Features and blog entries
Casey Stengel was a
Daytona Beach troublemaker
The future Yankees manager caroused, got sick, threatened suicide, and orchestrated a 'bloody' grapefruit prank when he trained in Daytona during his playing career
St. Petersburg leaders work overtime to promote their city
Newspapers, television, the Chamber of Commerce ... St. Petersburg's leaders knew they had to work harder to tell the world their city was as much fun as Florida's better-known cities
True stories about The Real McCoy
Bill McCoy refused to dilute his rum with water and iodine like other bootleggers, inspiring the world-famous name
Since 1923 in Cassadaga, the Seance Room has been where they call upon and talk to the dead
Seances occur throughout the 57-acre Cassadaga Spiritualist Camp, but some places are more conducive to contacting those who exist beyond the veil that separates physical and spirit realms.
Daytona's Deadliest Air Crash:
Aug. 10, 1937
The crash of an Eastern Airlines jet resulted in the first fatalities in seven years for the airline founded by World War I flying ace Eddie Rickenbacker
Zora Neale Hurston's unsung life on
Florida's east coast
Though honored annually with a festival in her hometown of Eatonville, the writer and anthropologist spent some of the happiest and most productive time of her life living on a houseboat on the Halifax River in Daytona Beach.
Florida's Worst Freezes
Think this winter was cold? 2013-14 was a tropical paradise compared to some of the brutal blasts of centuries past.
Washtub Baths and Pot-bellied Stoves in 1930s Florida
Before electricity, doing laundry, taking baths and just keeping warm was hard, dirty work.
Annie Oakley was nearly crushed to death near Daytona Beach
Before the Seminoles, Timucuans dominated northern Florida
The ghost settlement of Freemanville
In 1866, some 1,500 freed slaves arrived in the Port Orange area to work in a sawmill. The mill failed in 1867, but many remained and kept the community alive through the 1970s. All that remains today is the church, a rusty pump, a state landmark and memories.
Daytona Beach ends Stan Musial's pitching career
and aims him to the Hall of Fame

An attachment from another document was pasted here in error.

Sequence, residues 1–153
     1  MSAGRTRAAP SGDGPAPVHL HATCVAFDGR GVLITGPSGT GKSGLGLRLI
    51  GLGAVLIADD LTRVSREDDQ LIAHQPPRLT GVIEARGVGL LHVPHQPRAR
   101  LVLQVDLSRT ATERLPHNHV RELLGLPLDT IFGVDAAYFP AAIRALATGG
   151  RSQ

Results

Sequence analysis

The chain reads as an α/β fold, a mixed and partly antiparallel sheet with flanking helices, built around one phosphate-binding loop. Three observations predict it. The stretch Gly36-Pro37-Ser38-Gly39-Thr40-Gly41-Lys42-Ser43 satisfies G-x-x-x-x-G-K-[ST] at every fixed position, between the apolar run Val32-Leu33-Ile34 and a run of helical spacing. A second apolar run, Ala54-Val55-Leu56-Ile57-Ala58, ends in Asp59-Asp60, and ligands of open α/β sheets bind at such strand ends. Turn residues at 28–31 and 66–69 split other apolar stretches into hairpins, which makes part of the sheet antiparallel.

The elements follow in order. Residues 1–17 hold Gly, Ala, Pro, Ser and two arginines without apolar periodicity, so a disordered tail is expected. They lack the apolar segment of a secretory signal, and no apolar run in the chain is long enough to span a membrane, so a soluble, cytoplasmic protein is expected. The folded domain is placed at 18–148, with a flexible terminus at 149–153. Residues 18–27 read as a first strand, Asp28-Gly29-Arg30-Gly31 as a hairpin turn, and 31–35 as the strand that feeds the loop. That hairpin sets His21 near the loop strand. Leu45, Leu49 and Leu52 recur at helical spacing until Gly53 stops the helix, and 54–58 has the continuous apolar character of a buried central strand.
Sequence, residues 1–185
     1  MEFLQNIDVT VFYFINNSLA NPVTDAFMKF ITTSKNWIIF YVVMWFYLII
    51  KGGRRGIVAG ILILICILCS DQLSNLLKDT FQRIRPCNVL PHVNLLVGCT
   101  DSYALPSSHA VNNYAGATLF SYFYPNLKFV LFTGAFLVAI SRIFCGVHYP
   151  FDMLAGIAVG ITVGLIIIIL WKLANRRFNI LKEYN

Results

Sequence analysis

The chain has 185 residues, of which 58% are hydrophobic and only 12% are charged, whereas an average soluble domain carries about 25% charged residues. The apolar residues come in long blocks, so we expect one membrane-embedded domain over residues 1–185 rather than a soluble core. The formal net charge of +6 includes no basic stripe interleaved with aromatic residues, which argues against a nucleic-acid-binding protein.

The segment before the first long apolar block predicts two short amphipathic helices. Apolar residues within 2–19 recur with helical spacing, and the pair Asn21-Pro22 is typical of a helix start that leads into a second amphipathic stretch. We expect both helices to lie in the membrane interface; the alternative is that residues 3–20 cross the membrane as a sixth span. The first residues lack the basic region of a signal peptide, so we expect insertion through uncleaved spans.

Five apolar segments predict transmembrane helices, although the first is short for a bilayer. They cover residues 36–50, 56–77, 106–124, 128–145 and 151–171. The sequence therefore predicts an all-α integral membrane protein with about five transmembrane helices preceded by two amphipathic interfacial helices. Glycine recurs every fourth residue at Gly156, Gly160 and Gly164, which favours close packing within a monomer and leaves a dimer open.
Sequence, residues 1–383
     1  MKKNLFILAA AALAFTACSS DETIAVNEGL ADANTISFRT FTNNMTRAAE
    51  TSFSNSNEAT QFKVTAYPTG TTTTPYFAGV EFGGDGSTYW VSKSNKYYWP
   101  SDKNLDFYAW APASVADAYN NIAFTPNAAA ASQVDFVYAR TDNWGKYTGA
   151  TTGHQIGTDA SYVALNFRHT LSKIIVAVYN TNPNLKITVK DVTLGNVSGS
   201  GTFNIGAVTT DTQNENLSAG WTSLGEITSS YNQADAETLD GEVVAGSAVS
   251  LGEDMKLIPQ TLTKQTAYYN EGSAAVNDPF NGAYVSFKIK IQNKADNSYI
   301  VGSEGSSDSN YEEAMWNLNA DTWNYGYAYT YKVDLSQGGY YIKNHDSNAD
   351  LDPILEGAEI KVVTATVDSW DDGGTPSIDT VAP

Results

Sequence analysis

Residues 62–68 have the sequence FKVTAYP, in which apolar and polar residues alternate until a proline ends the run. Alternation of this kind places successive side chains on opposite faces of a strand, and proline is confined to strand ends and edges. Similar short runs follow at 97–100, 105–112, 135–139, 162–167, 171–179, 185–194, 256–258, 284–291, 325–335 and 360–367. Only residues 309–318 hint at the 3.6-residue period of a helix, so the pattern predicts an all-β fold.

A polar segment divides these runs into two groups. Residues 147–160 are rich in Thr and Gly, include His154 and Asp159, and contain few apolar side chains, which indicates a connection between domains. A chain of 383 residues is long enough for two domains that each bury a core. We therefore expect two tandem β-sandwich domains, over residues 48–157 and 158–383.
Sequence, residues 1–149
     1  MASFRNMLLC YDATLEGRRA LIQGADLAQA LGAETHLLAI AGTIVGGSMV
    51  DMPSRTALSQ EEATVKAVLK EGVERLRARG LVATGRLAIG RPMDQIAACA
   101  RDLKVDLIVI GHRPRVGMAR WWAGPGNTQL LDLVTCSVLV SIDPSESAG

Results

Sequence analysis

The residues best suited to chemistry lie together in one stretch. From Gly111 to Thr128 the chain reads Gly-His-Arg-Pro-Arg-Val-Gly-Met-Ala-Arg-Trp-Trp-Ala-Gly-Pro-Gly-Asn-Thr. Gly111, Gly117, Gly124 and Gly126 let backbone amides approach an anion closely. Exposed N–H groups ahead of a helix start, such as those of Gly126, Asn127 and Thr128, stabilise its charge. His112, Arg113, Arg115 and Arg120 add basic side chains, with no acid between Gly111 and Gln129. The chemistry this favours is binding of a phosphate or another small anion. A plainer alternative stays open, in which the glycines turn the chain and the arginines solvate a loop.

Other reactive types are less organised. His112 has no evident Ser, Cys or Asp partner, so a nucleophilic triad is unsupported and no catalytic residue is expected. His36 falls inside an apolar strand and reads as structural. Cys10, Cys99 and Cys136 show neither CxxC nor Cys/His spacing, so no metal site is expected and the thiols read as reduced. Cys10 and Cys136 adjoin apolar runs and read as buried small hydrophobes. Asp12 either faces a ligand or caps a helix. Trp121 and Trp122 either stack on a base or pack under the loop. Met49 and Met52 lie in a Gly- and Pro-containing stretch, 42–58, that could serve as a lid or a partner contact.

How Daytona Beach teens' lives changed during World War II
Burdine's: Sunshine Fashions &
The Florida Store
The department store founded by William Burdine survived The Great Depression and became "the Florida store"
Follow the Dollar: Horse breeding brings millions to Central Florida
According to the American Horse Council Economic Impact Study of 2005, the industry creates an economic impact of more than $2.2 billion annually
Paradise for Sale:
Florida's Booms and Busts
Since the great boom and bust of the 1920s, Florida has been trying to replicate its gilded age.
The Curtiss-Bright Cities: Hialeah, Miami Springs & Opa Locka
Only in the 1920s could an aviator and a cattleman create three quirky cities like Hialeah, Miami Springs and Opa Locka in South Florida
The Collected Works
of Byrd Spilman Dewey
When Palm Beach County historians Ginger L. Pedersen and Janet De Vries started searching land records a couple years ago, they never dreamed they would stumble upon the life's work of one of the region's earliest settlers. Now those works have been republished for new generations of Florida pioneers.
The Wreck of the Evening Star
Before the Titanic, the wreck of the Evening Star off Tybee Island, Ga., in 1866 was considered one of history's worst maritime disasters. Only five survivors made it to shore, landing on Amelia Island five days later.
George R. Fairbanks:
Fernandina's Renaissance Man
Rock 'n' Roll Town: Marty Jourard looks back on the roots of Gainesville's rock scene
Jourard is admin of the Facebook group Gainesville Rock History: The '60s and '70s Bands, Venues, Stories. Through the group and his site GainesvilleRockHistory.com, Jourard is gathering information for an upcoming book on the history of the Gainesville rock scene.
The 80s are the new 60s
Cultural observations of a
middle-aged karaoke D.J.